Colossians 3:23-24 - Whatever you do, work heartily, as for the Lord and not for men, knowing that from the Lord you will receive the inheritance as your reward. You are serving the Lord Christ.
"A doctor who diagnoses himself has a fool for a patient," so goes the old saying. For many, part of the American dream involves "calling our own shots," being our own boss. Splendid as this sounds, it can be fraught with hardships, as we are not always skilled at managing ourselves. In fact, the person who strives toward being her own boss might find she has a fool for an employee.
Work is one of those universal puzzles which we must put together well if we want a chance at a happy life. Upon being introduced to someone, we usually ask something like, "What do you do for a living?" I've never heard anyone reply, "Oh, I do crossword puzzles," or "I play croquet." We may indeed play croquet, but that's not what the questioner meant.
God created humans as whole beings. One aspect of that wholeness is our need and ability to work. God put Adam on the job before the Fall. Work appears to be one of the pleasures built into paradise. Our Father wanted us to be useful and productive for our own happiness and personal satisfaction, as well as for His glory.
In Eden, Adam working for God seemed like a good arrangement. But Adam decided to be his own boss. And ever since, sin has stained the pleasure of work, along with the other glories of paradise.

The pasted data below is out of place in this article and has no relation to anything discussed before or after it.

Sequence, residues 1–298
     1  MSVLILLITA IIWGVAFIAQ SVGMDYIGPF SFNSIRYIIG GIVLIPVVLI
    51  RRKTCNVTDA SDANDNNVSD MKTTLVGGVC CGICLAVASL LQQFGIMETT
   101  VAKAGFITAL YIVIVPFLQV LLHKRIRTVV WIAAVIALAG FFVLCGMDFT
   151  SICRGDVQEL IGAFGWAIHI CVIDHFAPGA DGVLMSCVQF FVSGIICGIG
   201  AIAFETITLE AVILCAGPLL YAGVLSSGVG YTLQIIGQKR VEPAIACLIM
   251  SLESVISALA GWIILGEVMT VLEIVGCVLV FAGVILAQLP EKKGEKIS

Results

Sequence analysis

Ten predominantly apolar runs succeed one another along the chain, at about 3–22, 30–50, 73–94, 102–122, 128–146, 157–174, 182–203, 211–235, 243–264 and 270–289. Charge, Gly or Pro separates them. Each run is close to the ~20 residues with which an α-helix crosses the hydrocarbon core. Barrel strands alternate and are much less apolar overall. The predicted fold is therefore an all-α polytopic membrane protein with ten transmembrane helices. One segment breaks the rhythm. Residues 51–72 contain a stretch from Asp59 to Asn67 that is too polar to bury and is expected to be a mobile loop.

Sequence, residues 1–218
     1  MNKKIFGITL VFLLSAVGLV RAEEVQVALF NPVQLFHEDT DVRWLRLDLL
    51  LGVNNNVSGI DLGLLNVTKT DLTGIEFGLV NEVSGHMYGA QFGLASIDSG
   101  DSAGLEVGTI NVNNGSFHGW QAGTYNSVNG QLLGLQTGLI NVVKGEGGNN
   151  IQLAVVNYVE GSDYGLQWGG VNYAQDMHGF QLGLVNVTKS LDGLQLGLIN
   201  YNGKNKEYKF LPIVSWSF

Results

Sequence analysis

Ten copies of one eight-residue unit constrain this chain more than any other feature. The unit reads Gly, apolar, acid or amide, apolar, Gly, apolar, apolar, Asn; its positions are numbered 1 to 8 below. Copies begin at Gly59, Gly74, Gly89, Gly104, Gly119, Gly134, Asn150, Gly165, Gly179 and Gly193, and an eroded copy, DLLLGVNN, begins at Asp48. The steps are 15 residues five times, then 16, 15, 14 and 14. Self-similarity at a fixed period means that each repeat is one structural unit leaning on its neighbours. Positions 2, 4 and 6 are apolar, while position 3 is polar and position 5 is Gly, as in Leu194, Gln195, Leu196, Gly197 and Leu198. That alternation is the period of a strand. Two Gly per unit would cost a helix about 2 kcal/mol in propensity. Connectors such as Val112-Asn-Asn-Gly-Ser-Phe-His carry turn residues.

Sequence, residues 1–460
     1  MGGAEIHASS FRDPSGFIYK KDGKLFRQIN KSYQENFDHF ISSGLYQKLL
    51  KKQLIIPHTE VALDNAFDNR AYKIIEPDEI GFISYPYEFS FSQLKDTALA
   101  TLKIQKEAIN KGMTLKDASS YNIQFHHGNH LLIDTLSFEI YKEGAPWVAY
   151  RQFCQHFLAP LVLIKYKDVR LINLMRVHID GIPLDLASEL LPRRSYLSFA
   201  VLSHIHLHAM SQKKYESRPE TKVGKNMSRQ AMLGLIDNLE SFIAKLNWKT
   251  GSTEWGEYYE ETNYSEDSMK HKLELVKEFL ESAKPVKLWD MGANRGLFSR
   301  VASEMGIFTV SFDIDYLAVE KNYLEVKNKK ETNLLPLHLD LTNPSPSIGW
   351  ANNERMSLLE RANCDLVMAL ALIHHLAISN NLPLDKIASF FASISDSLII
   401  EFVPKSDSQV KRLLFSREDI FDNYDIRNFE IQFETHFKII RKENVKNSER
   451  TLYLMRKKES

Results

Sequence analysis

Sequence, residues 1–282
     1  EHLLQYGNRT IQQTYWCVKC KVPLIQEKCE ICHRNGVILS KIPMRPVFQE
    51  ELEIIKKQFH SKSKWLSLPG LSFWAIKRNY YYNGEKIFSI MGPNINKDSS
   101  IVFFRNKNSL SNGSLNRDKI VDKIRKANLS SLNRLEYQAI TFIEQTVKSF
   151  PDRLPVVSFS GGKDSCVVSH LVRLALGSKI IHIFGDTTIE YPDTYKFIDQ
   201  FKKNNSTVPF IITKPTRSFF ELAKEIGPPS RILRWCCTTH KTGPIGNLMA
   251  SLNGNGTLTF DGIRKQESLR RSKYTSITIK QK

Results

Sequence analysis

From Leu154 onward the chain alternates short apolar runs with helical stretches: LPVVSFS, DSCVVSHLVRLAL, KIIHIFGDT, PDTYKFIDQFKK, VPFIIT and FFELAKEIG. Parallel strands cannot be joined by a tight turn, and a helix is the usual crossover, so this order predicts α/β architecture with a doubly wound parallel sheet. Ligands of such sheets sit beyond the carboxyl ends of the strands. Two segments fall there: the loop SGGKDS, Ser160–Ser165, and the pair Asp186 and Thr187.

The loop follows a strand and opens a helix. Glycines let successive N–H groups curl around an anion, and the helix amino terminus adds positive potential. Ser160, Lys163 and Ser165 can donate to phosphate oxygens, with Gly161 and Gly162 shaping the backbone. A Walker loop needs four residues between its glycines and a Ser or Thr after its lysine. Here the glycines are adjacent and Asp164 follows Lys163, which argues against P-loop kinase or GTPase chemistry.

As you probably know from experience, we sometimes must invent ways of coping with boredom and frustration in our work. We may suffer from job burnout. It's a hazard with occupations. An electrical engineering friend of mine theorizes that people should change jobs once every five years or so. He's done just that in his career. Another friend left teaching to become a nurse.
Changes like these can be right or wrong, successful or disastrous, and sometimes it takes a radical shift in our lives to get to where we need to be. Whether were building bridges or selling sandwiches or teaching trigonometry, the issue at the end of the day is perhaps less "Who's boss?" but "Who's really in charge?
If you're struggling with your job for whatever reason, you might try an experiment like this. Before your workday begins, pray through it. Ask for the Spirit's presence in your day. Ask God's blessings upon your coworkers and managers. Pray for your customers, your clients, and all the people with whom you have appointments and meetings. Pray for your work to be a blessing to others. Give your day to Christ.
Then go to work, trusting in God, remembering the words of another who gave his work over to his Lord and Savior. "Do not be anxious about anything, but in everything by prayer and supplication with thanksgiving let your requests be made known to God. And the peace of God, which surpasses all understanding, will guard your hearts and your minds in Christ Jesus" (Philippians 4:6-7).
THE PRAYER: Heavenly Father, You know our hearts and the anxieties we have. Calm us by Your Spirit to see the work we do and the people we serve as blessed opportunities to glorify You. In Jesus' Name. Amen.
From The Lutheran Layman, June 1979 issue, "Suffering from Burnout," by Jane Fryar
1. Do you like to work by yourself, or are you more of a collaborative person?
2. Do you sense a different kind of energy when you are doing something that is God- or faith-related?
3. Have you had to make any radical employment decisions regarding your career?
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